The SCRCA Project - 1: Introduction and Overview

At the beginning of 2012, a very small independent group of volunteers launched a long-term project with the following objectives:

  1. To identify, catalogue and create a comprehensive record of key railway-related sites and structures within (or associated with) the Settle - Carlisle Railway Conservation Area (SCRCA); then
  2. to gradually research and document the history[1] of key locations in order to
  3. create a reliable, useful and interesting online resource and thereby
  4. assist those responsible for managing it, while also
  5. facilitating and encouraging its interpretation and enjoyment by the general public.

The statistics below illustrate the scale of the SCRCA Project and the wide variety of location types that are being catalogued and recorded:

In the longer term, it is hoped that the scope of the SCRCA Project can be extended to cover some of the smaller structures, including boundary markers, signals, signs and some of the key archaeological sites connected with the construction of the Settle-Carlisle Railway. A start has been made on the latter for the Ribblehead-Blea Moor area, see SCRCA site 247770: Ribblehead Railway Construction Camp.

The image gallery below showcases a few of the site- and structure-types associated with the SCRCA.

Introductory Image Gallery

Tip: To view a larger version of an image, click / tap on the thumbnail.
 

Background & Context

The 'Background & Context' briefing document places the SCRCA Project in context by providing:

  • a brief overview of the purpose and management of Conservation Areas in general;
  • the background to evaluating Conservation Area structures that may be under threat of alteration or demolition / removal;
  • the historical precedent for embracing 'managed change' within the SCRCA; and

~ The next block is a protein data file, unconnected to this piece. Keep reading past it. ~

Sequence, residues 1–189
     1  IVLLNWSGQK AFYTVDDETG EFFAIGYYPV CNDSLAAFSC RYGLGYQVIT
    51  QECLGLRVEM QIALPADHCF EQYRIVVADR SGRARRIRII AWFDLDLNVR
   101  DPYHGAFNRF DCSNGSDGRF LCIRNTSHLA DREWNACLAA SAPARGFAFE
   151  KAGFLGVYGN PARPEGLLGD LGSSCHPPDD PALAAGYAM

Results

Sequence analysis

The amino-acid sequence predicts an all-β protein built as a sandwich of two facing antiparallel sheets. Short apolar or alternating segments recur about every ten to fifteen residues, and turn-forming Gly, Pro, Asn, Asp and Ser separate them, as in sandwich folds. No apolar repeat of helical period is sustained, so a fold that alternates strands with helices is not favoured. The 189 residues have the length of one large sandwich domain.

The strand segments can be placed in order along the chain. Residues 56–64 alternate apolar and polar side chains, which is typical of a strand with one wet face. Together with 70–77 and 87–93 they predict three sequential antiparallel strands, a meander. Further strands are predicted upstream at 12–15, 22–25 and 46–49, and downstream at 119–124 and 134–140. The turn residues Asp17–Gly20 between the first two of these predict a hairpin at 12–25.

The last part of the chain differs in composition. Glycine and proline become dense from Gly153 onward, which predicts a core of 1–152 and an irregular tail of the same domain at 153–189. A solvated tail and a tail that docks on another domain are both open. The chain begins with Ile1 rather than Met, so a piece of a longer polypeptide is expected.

• a quick look at the implications of all this for the SCRCA Project.

The SCRCA web-portal
(aka the SCRCA Project Database)

One of the primary objectives of the SCRCA Project is to provide public access to the material we generate (insofar as it is appropriate for us to do so). The Settle-Carlisle Railway Conservation Area (SCRCA) web-portal was created to enable us to meet this objective. You can use our web-portal to 'virtually visit' and 'virtually explore' the SCRCA from the comfort of your desk, armchair, etc. via the following main menu options, each of which provides a slightly different view over the database:

  • Virtually Visit the operational sites and standing structures within the SCRCA.
  • Virtually Explore the SCRCA using interactive maps or aerial imagery.
  • Delve into the details via the comprehensive Gazetteer. This provides access to ALL of the locations in the database including:
    • structures that have been demolished;
    • sites that are no longer operational;
    • archaeological sites; and
    • locations that have not yet been assessed (the details of which may be inaccurate).

The SCRCA Project uses a wide variety of both general and specialist terminology. The latter includes terms drawn from the fields of archaeology, architecture and conservation, as well as from railway engineering and railway operations. The Glossary of Terms lists - and provides brief definitions for - some of this essential 'jargon'. All of the locations (sites and structures) associated with the SCRCA Project have been classified by location 'type'. Some have been further classified by location 'variant'. A list of the types and variants (with definitions and examples) can be accessed via the Location Types and Location Variants options in the footer menu.

Some of the locations within the SCRCA benefit from additional official protection such as 'listing' (for structures) and 'scheduling' (for sites). The various classifications are listed and briefly explained on the Protection Categories page.

A series of articles accompanies and expands upon the location-specific information and the SCRCA Project Reference Sources page highlights opportunities for 'further reading'.

The SCRCA Project: Notes regarding data control, copyright and usage page covers the subjects indicated by its title.

Get involved

If you'd like to help us with any aspect of the SCRCA Project, we would very much like to hear from you.

Notes

[1]: The initial emphasis of the historical research will be to:

  • identify interesting and informative primary source material relating to key railway-related sites and structures within (or associated with) the SCRCA then,
  • where permitted and feasible, to either summarise, transcribe or obtain / create high quality digital images of that material and then,
  • where permitted, to upload the resulting material to the SCRCA Project database.

As and when resources permit, this primary source material will be incorporated into (or referenced from):

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